Bursae (two or more bursa) are small, fluid-filled sacs that cushion the bones, tendons and muscles surrounding your joints. They contain a lubricating fluid that reduces friction, allowing tissues
in the body to glide past each other smoothly. Imagine the bursa as a protective layer that helps keep a tendon or muscle from fraying or getting aggravated as it eases over a bone or around a
corner. Bursitis is a condition that occurs when a bursa becomes inflamed: irritated, red and filled with more fluid than normal.
Although rare, bursitis also may be caused by an infection, known as septic bursitis. This is a serious medical condition that requires antibiotics to treat the infection and prevent its spread to
other points in the body or the bloodstream. Septic bursitis may cause the back of the ankle to become red or hot. The person may also get the chills or fever and may feel sick and tired. Typically
this type of bursitis would be suspected if there has been any history of an open wound in the area, such as a blister.
Medical experts strongly recommend that you consult a doctor if you have any of the symptoms below. Disabling joint pain that prevents you from doing your daily activities. Pain that lasts for more
than two weeks. Excessive swelling, redness, bruising or a rash around the painful joint. Sharp or shooting pain, especially when you exercise or do something more strenuous. A fever. Any of the
above could be a sign of infection, a condition such as arthritis or a more serious injury such as a tendon tear that may require medical attention.
Gram stain. A lab test called a Gram stain is used to determine if certain troublesome bacteria are present. Not all bacteria can be identified with a Gram stain, however, so even if the test comes
back negative, septic bursitis cannot be completely ruled out. White blood cell count. An elevated number of white blood cells in the bursa's synovial fluid indicates an infection. Glucose levels
test. Glucose levels that are significantly lower than normal may indicate infection.
Non Surgical Treatment
Caregivers may give you special shoe inserts with a cutout around the tender area. You may also be told to wear shoes with a reinforced heel counter. This will give better heel control. You may need
other shoe inserts (wedges) to raise your heel so it does not press against the back of the shoe. You may also wear shoes that are open in the back, such as sandals that have no strap across the
heel. You may use ibuprofen (eye-bu-PROH-fen) and acetaminophen (a-seet-a-MIN-oh-fen) medicine for your pain. These may be bought over-the-counter at drug or grocery stores. Do not take ibuprofen if
you are allergic to aspirin. You may be given shots of medicine called steroids (STER-oids) to decrease inflammation. Caregivers may add local anesthesia (an-es-THEE-zah) to the steroids. This
medicine helps decrease bursitis pain. Because these shots decrease swelling and pain, you may feel like your ankle is healed and that you can return to heavy exercise. It is important to not
exercise until your caregiver says it is OK. You could make the bursitis worse if you exercise too soon. You may need surgery to remove the bursa or part of your ankle bone. Surgery is usually not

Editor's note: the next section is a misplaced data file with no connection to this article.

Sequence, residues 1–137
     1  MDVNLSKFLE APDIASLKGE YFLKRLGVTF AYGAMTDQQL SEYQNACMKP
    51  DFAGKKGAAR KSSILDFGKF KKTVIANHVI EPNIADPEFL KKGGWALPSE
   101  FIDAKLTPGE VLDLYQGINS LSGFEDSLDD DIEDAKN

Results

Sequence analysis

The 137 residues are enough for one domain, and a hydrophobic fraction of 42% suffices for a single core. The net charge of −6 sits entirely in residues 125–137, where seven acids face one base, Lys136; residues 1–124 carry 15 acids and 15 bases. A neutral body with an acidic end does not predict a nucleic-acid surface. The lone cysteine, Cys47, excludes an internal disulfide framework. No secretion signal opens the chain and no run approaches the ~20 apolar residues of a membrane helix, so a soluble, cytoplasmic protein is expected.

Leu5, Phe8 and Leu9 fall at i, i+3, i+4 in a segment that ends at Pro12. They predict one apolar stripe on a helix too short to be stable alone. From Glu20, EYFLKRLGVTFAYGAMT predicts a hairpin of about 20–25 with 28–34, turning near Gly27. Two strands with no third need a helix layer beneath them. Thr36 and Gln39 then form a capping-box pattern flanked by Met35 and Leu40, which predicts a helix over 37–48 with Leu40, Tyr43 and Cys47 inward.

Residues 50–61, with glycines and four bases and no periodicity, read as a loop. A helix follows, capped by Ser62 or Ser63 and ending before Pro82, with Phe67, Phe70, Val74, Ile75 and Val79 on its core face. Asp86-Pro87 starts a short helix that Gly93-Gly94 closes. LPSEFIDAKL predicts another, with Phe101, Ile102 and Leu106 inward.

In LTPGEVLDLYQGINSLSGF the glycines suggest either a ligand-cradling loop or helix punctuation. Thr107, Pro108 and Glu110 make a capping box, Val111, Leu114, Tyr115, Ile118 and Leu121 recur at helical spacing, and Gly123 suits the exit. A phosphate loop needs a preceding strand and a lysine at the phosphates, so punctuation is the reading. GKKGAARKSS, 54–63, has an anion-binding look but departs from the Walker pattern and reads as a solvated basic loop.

necessary unless the bursitis is very bad and does not heal with other treatments. Your caregiver may want you to go to physical (FIZ-i-kal) therapy (THER-ah-pee). Physical therapists may use
ultrasound to increase blood flow to the injured area. Caregivers may use massage to stretch the tissue and bring heat to the injury to increase blood flow. These and other treatments may help the
bursitis heal faster. Exercises to stretch your Achilles tendon and make it stronger will be started after the bursitis has healed. You may gradually increase the amount of weight you put on your
foot when caregivers say it is OK. You may be told to stop exercising if you feel any pain.
Surgery. Though rare, particularly challenging cases of retrocalcaneal bursitis might warrant a bursectomy, in which the troublesome bursa is removed from the back of the ankle. Surgery can be
effective, but operating on this boney area can cause complications, such as trouble with skin healing at the incision site. In addition to removing the bursa, a doctor may use the surgery to treat
another condition associated with the retrocalcaneal bursitis. For example, a surgeon may remove a sliver of bone from the back of the heel to alter foot mechanics and reduce future friction. Any
bone spurs located where the Achilles attaches to the heel may also be removed. Regardless of the conservative treatment that is provided, it is important to wait until all pain and swelling around
the back of the heel is gone before resuming activities. This may take several weeks. Once symptoms are gone, a patient may make a gradual return to his or her activity level before their bursitis
symptoms began. Returning to activities that cause friction or stress on the bursa before it is healed will likely cause bursitis symptoms to flare up again.
Maintain proper form when exercising, as well as good flexibility and strength around the ankle to help prevent this condition. Proper stretching of the Achilles tendon helps prevent injury.